Featured Recruiter: Rich Janney
Rich, thank you for your excellent article about making the decision for a partner to start looking at lateraling options. Can you give us some insight as to why this issue is particularly interesting to you as well as timely?
Well, I feel like most of the articles I've seen on the topic are more centered on data--profits per partner, compensation formulas, etc.--but no one ever seems to talk about the "soft" factors that go into making a decision to leave a partnership. Yet I frequently hear my candidates describe issues that are totally outside of the data-driven decision process; that they don't really feel like their partners are truly "partners", and are constantly looking over their shoulders. For example, I sometimes hear that inviting other attorneys into a client pitch is fraught with disputes over who should get a cut of the originations, should that client be successfully landed. Or, that they sometimes feel like the newly arrived partners were cut a better deal than people who have been at the firm for years. So, I decided to create something that speaks to those intangible emotions that can (and should) go into making a decision like this.
Second, we love the fantastic illustrations that you created to accompany the article. Clearly this is a talent and passion of yours.
That's very kind of you to say--thanks! I've been drawing or painting for most of my life. Before I went to law school, I was an illustrator and one of my jobs was with the art department of a publishing company here in Chicago. Now that I'm away from that world professionally, I'm always happy when I can find a way to incorporate artwork into projects that I work on in the present. For this particular project, I didn't set out to create an article with illustrations, but shortly after I started writing it, I thought, "Wouldn't this be a funny picture to accompany that thought?" And that's when I sketched out a mouse being eyed by three hungry snakes. That made me laugh.
You have been a Managing Director at McCormack Schreiber for just under 10 years. What brought you to a career in legal recruiting - and to joining McCormack Schreiber?
Serendipity, really. I was in private practice for the first seven years of my career, but in 2007 I had the opportunity to join the leadership of a small corporation. It was an amazing job and I worked with some fantastic people. However, the 2008 financial crisis really hurt the company (as it did with just about every company) and in 2010, we had to shut down our Chicago operations. I had worked with McCormack Schreiber back when I was an attorney and I really trusted the people I had worked with. I talked to you and Amy about the job market here in Chicago, and while there weren't many openings for attorneys, McCormack Schreiber was looking for a recruiter to join their ranks. I hadn't really given any consideration to recruiting prior to talking to either of you, but I got such a good feeling from our meetings that I seriously considered it. And that was in 2010 and I haven't looked back. It's been wonderful being part of this team and I am looking forward to another ten. So don't fire me.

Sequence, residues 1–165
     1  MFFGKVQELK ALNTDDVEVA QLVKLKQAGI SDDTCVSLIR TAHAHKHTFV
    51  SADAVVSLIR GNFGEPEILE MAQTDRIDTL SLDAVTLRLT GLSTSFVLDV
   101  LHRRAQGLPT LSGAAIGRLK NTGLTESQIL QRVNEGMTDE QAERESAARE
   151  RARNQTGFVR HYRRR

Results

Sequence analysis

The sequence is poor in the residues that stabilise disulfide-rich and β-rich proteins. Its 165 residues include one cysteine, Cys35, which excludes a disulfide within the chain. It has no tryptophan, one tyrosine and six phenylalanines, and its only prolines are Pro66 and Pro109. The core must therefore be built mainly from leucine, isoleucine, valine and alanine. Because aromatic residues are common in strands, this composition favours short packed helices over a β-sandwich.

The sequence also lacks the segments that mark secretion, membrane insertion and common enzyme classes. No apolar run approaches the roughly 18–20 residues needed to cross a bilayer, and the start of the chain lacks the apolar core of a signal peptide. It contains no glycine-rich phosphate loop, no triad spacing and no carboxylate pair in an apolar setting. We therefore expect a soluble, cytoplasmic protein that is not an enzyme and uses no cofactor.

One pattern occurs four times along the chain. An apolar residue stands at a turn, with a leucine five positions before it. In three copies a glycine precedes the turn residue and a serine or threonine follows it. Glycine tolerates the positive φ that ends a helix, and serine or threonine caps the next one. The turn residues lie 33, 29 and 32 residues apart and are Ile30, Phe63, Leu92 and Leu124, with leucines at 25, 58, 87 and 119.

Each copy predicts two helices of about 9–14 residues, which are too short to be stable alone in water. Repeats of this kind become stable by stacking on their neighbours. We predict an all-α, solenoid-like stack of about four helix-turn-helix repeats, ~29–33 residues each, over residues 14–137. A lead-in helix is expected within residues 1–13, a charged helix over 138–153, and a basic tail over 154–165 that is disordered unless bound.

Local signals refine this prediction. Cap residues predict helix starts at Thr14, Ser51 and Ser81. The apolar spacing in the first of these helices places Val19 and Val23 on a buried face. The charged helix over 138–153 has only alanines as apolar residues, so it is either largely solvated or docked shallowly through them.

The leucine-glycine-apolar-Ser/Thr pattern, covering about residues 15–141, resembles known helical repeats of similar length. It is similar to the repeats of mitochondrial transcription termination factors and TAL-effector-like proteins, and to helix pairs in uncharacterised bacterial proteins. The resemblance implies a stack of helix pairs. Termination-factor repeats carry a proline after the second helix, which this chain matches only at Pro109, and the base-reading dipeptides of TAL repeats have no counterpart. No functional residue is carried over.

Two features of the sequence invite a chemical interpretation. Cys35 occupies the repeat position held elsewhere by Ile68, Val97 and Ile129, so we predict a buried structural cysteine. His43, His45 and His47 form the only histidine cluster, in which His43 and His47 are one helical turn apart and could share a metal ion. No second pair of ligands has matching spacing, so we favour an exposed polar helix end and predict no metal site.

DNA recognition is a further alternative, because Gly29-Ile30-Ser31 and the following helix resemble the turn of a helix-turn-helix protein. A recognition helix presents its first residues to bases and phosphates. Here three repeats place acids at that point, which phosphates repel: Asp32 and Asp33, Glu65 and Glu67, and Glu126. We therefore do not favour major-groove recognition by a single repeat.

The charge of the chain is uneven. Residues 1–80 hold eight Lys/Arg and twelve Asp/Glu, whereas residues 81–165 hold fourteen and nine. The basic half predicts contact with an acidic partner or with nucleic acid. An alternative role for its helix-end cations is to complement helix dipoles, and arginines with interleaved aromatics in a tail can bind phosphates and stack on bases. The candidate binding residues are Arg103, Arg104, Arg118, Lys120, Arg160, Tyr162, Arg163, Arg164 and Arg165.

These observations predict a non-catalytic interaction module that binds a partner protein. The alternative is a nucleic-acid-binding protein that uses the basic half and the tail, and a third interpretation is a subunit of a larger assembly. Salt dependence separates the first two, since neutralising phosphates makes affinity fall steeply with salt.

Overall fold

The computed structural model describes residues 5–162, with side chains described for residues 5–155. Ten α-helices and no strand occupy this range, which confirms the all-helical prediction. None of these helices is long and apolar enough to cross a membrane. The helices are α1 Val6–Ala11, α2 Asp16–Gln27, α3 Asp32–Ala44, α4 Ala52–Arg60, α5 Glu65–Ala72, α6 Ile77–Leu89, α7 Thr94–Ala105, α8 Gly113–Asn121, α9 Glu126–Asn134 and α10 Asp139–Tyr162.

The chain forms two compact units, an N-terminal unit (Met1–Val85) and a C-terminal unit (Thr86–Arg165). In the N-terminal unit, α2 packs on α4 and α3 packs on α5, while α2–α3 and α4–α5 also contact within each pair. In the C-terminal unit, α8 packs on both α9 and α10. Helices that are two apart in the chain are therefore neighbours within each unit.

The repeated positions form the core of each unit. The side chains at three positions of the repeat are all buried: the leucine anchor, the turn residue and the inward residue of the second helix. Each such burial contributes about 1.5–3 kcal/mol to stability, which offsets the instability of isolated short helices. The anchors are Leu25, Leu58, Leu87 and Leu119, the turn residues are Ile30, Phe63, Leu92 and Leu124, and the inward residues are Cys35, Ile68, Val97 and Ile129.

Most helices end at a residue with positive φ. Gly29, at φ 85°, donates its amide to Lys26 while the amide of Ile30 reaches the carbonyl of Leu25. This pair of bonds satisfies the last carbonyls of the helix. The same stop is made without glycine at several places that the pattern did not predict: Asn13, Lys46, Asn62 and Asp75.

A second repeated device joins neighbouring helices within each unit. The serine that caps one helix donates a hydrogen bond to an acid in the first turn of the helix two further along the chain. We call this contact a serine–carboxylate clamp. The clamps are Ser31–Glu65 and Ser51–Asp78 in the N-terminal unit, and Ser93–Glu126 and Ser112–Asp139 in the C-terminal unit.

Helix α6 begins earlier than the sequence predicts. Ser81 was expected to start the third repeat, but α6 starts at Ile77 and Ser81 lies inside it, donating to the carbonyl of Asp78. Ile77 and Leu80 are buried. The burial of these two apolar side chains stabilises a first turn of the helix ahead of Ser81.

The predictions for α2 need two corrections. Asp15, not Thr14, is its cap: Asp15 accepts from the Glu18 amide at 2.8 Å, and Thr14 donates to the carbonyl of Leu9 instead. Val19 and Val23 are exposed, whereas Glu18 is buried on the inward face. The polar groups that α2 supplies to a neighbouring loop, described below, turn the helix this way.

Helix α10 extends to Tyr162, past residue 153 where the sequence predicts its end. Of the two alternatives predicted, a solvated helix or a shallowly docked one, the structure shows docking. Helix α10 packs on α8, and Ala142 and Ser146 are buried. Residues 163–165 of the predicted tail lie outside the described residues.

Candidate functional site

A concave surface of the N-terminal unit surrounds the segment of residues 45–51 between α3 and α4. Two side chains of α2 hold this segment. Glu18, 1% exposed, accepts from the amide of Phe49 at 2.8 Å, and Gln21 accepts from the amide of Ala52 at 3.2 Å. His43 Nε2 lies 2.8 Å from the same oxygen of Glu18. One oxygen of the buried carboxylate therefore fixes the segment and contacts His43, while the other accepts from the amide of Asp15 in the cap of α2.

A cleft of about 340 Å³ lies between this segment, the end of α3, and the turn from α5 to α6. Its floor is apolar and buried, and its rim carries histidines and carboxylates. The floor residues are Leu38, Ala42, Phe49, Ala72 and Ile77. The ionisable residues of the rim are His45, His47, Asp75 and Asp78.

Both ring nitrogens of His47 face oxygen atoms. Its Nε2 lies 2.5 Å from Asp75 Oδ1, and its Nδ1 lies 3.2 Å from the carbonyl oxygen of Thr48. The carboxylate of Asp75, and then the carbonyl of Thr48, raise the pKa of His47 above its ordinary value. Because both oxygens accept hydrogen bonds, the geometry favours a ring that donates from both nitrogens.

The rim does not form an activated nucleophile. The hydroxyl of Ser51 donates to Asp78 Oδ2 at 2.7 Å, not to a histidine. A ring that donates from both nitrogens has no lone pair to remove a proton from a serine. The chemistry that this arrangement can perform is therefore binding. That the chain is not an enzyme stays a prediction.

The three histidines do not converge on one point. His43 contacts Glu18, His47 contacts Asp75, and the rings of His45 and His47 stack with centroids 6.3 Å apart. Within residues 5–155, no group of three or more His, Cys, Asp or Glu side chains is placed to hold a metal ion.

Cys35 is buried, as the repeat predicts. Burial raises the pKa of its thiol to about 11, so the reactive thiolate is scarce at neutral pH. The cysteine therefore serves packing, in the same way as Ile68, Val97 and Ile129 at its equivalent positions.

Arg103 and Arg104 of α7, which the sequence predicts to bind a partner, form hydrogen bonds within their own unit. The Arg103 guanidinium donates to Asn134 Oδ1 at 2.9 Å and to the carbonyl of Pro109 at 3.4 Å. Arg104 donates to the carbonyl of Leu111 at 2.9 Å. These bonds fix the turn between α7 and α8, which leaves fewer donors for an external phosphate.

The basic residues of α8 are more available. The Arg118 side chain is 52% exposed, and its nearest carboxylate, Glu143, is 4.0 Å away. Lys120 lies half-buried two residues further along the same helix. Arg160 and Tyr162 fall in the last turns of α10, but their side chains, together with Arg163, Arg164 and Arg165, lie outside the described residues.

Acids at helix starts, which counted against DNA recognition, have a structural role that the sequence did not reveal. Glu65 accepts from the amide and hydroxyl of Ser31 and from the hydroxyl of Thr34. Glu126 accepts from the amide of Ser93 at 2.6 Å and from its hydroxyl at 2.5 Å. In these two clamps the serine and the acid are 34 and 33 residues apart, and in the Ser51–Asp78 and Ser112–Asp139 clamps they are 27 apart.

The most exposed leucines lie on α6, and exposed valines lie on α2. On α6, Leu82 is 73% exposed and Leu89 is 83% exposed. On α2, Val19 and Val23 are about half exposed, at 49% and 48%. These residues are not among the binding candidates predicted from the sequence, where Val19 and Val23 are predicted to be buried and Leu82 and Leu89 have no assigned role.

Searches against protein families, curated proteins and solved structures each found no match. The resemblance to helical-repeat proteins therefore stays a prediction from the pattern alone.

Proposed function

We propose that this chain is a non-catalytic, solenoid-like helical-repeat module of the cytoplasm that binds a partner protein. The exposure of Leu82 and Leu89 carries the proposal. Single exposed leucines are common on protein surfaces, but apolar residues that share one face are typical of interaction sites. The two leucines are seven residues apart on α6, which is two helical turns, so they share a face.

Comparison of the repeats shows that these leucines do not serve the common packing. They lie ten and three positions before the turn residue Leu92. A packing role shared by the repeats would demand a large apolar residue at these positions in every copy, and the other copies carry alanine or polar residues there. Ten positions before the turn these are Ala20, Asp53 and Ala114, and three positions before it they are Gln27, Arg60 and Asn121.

You have really lovely skin. What's your secret?
Finally, Rich, do you have some words of advice for law firm partners who are considering a lateral move to a different law firm and platform?
I think that if anyone out there is getting a bad feeling about their partnership, it's healthy to have a conversation with someone about it at the very minimum. Having that conversation will force you to articulate the things that are bothering you, which will help you decide if more active steps should be taken in the search for a new firm. Find somebody you trust who has their pulse on the market and get the conversation rolling.